This calls for a sober reflection

beer, beer in a glass, craft beer
Image: 123RF/Brent Hofacker

There can be no question of a proven link between SA's excessive consumption of alcohol and our high crime rate. This is especially true of violent, spur of the moment types of crimes.

The first week of our national lockdown as the nation seeks to curb the spread of Covid-19 has seen a significant drop in crime incidents reported compared to the same week last year.

Of course, this drop is likely the result of a combination of alcohol regulations, the heavy prohibition of movement as well as the visibility of law enforcement officers in our communities.

Regardless, it is understandable that police minister Bheki Cele would wish that the current laws banning the sale of alcohol would be extended beyond the lockdown period.

However, that will not happen.

First, such an indefinite ban on alcohol, regardless of its merits, would raise important questions about the government's abuse of power and a creeping authoritarian culture which, if allowed, only becomes incremental.

Politically, Cele would struggle to get the idea passed by his peers - of all parties - let alone get it accepted by a thirsty nation already showing signs of social strain just one week away from the bottle stores.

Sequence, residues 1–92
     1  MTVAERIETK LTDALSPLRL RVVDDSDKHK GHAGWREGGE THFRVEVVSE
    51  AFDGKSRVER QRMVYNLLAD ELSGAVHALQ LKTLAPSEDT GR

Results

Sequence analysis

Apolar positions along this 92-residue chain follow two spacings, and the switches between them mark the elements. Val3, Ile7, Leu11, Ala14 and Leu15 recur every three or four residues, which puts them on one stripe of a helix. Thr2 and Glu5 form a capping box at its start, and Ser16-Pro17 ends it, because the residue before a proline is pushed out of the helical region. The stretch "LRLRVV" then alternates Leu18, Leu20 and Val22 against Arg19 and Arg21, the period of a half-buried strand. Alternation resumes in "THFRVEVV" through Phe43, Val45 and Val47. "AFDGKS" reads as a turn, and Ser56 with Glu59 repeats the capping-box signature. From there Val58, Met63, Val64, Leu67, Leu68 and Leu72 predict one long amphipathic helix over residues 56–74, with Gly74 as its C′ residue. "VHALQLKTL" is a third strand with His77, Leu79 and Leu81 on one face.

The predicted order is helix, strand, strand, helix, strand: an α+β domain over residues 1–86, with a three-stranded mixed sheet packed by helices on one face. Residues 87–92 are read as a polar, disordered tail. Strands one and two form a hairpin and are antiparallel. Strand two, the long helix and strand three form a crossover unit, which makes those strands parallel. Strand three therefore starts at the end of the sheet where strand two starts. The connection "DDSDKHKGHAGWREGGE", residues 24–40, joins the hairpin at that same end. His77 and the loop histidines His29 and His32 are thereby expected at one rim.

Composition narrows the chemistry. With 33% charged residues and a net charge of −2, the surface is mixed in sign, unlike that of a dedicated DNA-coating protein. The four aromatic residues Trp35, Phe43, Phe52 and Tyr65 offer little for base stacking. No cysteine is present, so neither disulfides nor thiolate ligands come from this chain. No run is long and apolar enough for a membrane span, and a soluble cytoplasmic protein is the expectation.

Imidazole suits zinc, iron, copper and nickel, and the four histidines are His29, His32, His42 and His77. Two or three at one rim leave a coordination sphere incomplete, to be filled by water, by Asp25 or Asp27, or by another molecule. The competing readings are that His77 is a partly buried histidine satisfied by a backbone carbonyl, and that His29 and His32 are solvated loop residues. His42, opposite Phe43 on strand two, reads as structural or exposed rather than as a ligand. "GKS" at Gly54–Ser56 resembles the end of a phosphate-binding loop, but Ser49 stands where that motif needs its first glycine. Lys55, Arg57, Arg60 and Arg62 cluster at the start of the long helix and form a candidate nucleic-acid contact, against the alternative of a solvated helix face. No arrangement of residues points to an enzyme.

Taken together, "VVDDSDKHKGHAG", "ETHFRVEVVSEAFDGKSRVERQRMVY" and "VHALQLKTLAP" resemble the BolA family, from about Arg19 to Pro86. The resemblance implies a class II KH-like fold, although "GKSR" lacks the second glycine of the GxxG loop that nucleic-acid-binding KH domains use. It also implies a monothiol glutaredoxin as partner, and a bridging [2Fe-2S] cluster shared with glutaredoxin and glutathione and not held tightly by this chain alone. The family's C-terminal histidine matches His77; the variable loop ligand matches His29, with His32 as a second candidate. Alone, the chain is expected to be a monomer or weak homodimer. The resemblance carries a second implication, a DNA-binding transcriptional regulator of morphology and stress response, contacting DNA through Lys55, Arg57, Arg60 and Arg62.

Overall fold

Economically, such a ban would be devastating and its ripple effects would be far reaching. Yet, valid as these may be, they do not erase the fact that the abuse of alcohol is the single-biggest contributor to violent crime in our country.

So what is to be done?

The truth is there is no single, magic solution.

In this country there are various reasons people abuse alcohol. Most prevalent of these being that for some, alcohol like any other drug, is a form of escapism from our daily troubles, whether economic or otherwise.

Throughout generations, we are wired to escape or deflect from the emotional toll of our structural problems.

For this reason, we are likely to chase successive periods of momentary diversion that comes with alcohol, rather than find alternative ways of coping.

Whether it is clinically diagnosed or simply categorised as social drinking, the dependency on alcohol is ultimately what we must confront as a nation.

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